Jicaro Island Ecolodge overlooks Lake Nicaragua. // © 2011 ftp.caorda.com
Jicaro Island Ecolodge
All meals and non-alcoholic beverages for two adults are included in the room rate, which varies in the low and high seasons from $480 to $540 per night, respectively.
My casita was void of television, air conditioning and a phone, and I spent the night cocooned by a mosquito net. This was my experience at Jicaro Island Ecolodge and, to be quite honest, I wouldn’t have changed a thing.
Located on a private island in Lake Nicaragua, not far from the colonial town of Granada, Nicaragua, Jicaro won me over from the start with its elegant simplicity. The journey began with a calming boat ride, Mombacho Volcano looming over us in the distance. Birders will want to keep their eyes peeled on the ride over — in a span of about 20 minutes, I spotted a ringed kingfisher, a purple gallinule fanning its wings, a chestnut-brown northern jacana and a yellow-tailed Montezuma’s oropendola. Wildlife encounters continue on the island, and binoculars are readily available at the reception desk.
Harmony with nature and the local community were top priorities during the development of Jicaro. The resort was built with minimum impact to the island, and it continues to tread lightly on the land. Energy-efficient lighting illuminates the property, and solar panels heat the water used by both guests and the kitchen. Wastewater is treated on the island with a treatment plant that complies with internationally accepted standards, and an underground electricity system keeps from disrupting the surrounding wildlife.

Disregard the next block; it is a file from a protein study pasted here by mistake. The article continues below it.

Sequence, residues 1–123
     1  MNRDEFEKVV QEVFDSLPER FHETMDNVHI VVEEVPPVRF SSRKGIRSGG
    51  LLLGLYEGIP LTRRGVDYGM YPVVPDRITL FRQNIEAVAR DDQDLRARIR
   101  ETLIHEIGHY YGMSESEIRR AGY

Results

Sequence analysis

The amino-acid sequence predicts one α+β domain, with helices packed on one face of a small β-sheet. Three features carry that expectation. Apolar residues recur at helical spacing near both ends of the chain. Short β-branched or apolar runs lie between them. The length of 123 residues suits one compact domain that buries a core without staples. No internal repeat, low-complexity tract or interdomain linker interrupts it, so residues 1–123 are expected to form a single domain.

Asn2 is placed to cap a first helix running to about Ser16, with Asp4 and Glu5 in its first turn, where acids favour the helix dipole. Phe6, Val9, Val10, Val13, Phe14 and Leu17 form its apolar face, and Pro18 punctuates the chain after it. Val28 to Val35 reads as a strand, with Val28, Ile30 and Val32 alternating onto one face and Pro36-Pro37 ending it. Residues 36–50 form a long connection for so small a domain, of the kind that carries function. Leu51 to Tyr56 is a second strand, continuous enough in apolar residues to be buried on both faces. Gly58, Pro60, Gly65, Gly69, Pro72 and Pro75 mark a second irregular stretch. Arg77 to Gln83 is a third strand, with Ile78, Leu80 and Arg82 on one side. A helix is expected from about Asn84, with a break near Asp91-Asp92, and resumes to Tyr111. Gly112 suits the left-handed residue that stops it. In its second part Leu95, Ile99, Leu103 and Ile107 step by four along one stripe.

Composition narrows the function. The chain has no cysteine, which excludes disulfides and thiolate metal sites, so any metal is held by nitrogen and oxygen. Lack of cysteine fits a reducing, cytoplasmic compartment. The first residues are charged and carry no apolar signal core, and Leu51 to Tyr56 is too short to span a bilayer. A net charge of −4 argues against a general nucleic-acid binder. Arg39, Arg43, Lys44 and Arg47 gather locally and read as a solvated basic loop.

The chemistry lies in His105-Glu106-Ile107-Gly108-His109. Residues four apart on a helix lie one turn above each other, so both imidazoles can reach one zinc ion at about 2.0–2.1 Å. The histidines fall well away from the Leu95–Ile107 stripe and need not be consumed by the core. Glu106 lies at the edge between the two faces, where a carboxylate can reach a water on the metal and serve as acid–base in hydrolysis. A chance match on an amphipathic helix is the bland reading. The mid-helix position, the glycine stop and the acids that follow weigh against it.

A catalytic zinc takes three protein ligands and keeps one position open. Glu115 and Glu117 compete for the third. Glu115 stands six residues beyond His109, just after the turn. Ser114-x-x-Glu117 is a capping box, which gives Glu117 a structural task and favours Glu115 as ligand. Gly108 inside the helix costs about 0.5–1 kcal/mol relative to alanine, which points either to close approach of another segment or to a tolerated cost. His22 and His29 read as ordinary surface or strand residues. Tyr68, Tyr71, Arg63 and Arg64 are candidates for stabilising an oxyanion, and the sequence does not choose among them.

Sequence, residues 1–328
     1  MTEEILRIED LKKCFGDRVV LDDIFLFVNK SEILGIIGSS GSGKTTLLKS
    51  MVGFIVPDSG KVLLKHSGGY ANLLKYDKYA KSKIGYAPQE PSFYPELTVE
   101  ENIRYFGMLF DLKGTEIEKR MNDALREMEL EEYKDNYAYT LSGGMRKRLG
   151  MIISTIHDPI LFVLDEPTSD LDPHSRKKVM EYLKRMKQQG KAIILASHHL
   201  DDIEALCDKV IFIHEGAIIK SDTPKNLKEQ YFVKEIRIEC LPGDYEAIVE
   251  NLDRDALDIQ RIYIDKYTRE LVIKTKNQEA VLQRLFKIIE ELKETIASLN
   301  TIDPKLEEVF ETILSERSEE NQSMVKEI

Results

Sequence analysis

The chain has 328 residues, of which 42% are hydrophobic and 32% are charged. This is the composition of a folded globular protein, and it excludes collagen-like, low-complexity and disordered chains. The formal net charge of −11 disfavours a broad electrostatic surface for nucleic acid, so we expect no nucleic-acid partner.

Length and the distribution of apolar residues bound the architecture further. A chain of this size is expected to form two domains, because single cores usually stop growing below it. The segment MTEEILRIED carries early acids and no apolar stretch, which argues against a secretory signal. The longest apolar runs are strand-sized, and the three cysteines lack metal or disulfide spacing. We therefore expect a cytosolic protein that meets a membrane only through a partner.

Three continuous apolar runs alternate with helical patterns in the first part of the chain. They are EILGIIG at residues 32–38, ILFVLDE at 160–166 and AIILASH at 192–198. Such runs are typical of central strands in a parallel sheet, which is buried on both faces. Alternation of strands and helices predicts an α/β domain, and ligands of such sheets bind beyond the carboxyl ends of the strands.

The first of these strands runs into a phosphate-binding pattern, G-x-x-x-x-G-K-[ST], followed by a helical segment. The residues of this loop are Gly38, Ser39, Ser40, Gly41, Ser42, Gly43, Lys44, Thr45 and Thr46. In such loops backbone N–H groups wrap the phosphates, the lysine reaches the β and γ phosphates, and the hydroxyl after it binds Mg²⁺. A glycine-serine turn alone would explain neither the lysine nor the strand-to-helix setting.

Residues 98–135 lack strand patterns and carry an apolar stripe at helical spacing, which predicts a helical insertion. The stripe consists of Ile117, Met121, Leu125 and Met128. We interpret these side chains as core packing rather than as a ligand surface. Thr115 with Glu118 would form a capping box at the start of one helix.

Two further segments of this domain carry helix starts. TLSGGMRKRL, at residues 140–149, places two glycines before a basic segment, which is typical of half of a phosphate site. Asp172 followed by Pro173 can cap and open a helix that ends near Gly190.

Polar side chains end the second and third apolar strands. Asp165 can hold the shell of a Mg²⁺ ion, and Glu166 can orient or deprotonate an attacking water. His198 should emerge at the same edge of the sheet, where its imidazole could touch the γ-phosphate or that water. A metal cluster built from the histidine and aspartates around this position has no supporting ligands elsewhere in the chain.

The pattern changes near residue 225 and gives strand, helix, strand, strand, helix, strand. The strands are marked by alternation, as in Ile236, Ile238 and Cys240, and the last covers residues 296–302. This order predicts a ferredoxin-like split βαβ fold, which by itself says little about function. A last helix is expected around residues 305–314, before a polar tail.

The island features nine casitas crafted from Rainforest Alliance-certified cedar. A bedroom with a comfy king-size bed occupies the top floor, and the first floor features a spacious living area connecting to an outside deck with a hammock. All accommodations overlook the lake, and spending a tranquil morning on the deck with complimentary coffee and freshly baked banana bread (delivered en suite) will make guests feel like they have the entire island to themselves.
Rainshowers come equipped with biodegradable soap and shampoo. With an open-floor plan and use of natural light, they have the feel of an outdoor shower without actually exposing guests to the elements.
My fondest memories of the trip were enjoying a Tona beer with my traveling companions in the resort’s saltwater pool (the pool uses a system that turns saltwater into a natural form of chlorine) and dining at the sole open-air restaurant on the island. All of the dishes are organic and locally sourced, and a typical dinner features regional delicacies that would be difficult to find elsewhere. I savored the homemade Jicaro Island soup made from ground jicaro seed, caramelized onions and tamarind, while my friends raved about the braised pellibuey (sheep) served on a bed of cabbage with cucumber slaw.
“With the exception of Chilean wine, all of our products are local,” said general manager Howard Coulson. “Most of our staff are locals too, and we participate in community outreach programs at local schools. For us, sustainability in all facets has been the key to our success.”